Photo legend: The CJC board, May 1st 2022. L—R, standing: Epiphane Kolla, Lionel Kusch, Julie Crabot, Sarah Dandou, Antonin Marquant, Solène Laville. L—R, kneeling: Magali Weissgerber, Pauline Bennet, Alba de Juan.
As a pan-European network, Eurodoc is constantly exploring what challenges early career researchers face in different countries and how we as an organization can better help address them. This text marks the beginning of an article series on the Eurodoc members (National Associations and observers) that advocate for positive changes in the policies, culture, training, well-being, and employment conditions of ECRs in 26 European countries.
Taking the opportunity, we would like to congratulate (belatedly) our French NA — Confederation of Young Researchers — and all the French people on Fête nationale française, which they celebrated last week!
In your opinion, what are the main challenges for early career researchers in your country?
According to the French Ministry of Higher Education, 25% of PhD candidates do not benefit from a doctoral contract and about 10% of them are not funded at all. A significant part of them have poor working conditions (no office, professional isolation), especially in literature and social sciences. Generally speaking, the quantitative evaluation of research and the “publish or perish” culture puts high pressure on early-career researchers in France and cascades into a poor work-life balance.
The career opportunities are scarce and competitive in the academic world. Post-doctoral researchers are hopping between short-term contracts, sometimes with the particularly precarious status of “vacataire” (some kind of French to avoid repeating “precarious” twice, another word would be better here. Still thinking of which similarity can best replace “precarious” adjunct professor), with few opportunities of long-term contracts or tenure.
All of this is leading to a global deterioration of the mental health of many early-career researchers, which should be addressed as a serious public health problem.
Recent developments on the situation of early-career researchers in France stem from the Research Programming Law voted in 2020, progressively enforced with the ongoing publication of decrees specifying the conditions of implementation. We are concerned about several points. For instance, there will be an increase in the number of contractualized PhD candidates but this will clearly be insufficient for all new PhD candidates to be financed. A new decree created a PhD doctoral contract fully falling under private law, currently offering neither any guarantee of a correct balance between research activities and work for the company, nor ensuring that no conflict of interest might exist. New types of research contracts have also been created, reinventing ways to maintain early-career researchers under precarious conditions (e.g. expensive tenure tracks that did not previously exist in France).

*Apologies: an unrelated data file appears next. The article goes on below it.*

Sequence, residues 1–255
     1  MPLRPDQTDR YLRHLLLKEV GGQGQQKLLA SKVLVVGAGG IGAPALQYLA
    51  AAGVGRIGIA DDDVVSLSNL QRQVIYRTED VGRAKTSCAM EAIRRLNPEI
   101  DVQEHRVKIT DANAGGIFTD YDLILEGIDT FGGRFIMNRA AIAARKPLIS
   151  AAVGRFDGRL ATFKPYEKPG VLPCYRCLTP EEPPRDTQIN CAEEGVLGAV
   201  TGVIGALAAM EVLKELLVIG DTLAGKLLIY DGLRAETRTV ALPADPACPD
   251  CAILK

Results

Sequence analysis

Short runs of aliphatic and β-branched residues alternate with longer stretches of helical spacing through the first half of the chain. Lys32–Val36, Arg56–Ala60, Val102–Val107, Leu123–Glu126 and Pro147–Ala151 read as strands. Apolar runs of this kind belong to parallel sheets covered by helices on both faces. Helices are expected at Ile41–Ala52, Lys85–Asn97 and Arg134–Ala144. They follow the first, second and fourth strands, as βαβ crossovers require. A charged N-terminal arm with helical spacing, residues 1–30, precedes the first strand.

How does your NA address those challenges?
The CJC has been active in the debate during the writing of the law and is in continuous communication with the government working on the implementing decrees. We participate in meetings with the Ministry of Higher Education, Research and Innovation, and meetings with other associations, representatives and labour unions related to research.
We also assert our position on social networks, in interviews in the newspapers, and we sometimes publish a press release to communicate on a hot topic. Our communication sometimes targets recent legislative developments, dysfunctions reported to us by researchers, and generally aims at raising awareness on the working conditions of early-career researchers.
The CJC is currently setting up a network of PhD representatives in doctoral schools. The objective is to inform them on the rights of PhD candidates and provide them with guidelines to help those in distress. Representatives will be encouraged to share their experience, as the tasks of representatives often differ between academic institutions. This could provide a comprehensive overview of how much leeway representatives have to influence some decision-making authorities when it comes to PhD candidates.
On a weekly basis, the CJC receives many emails from early-career researchers in difficulty, some facing very precarious situations or harassment and seeking advice on their means of action. An important part of our work consists of answering them the best we can.
How does the cooperation with Eurodoc help in solving these challenges and what else can be done?
Eurodoc is helping the CJC in multiple ways, deeply linked to the European perspective it gives us. Indeed, we are in contact with early-career researchers from many countries thanks to Eurodoc and it keeps us up-to-date with events related to European research. Being aware of the situation in other countries helps us challenge our national vision of what a PhD programme should be (e.g. duration of the PhD, content of training programmes, healthy relationship to the supervisors). It enables us to compare policies, such as the way the COVID-19 pandemic was dealt with in other countries. We are inspired by the work of other national associations which we may try to reproduce, such as surveys sent to early-career researchers. At last but not least, the lobbying of Eurodoc at the European level, of course, participates in addressing issues that matter to our association.
Learn more about the Confederation of Young Researchers (France) and their work: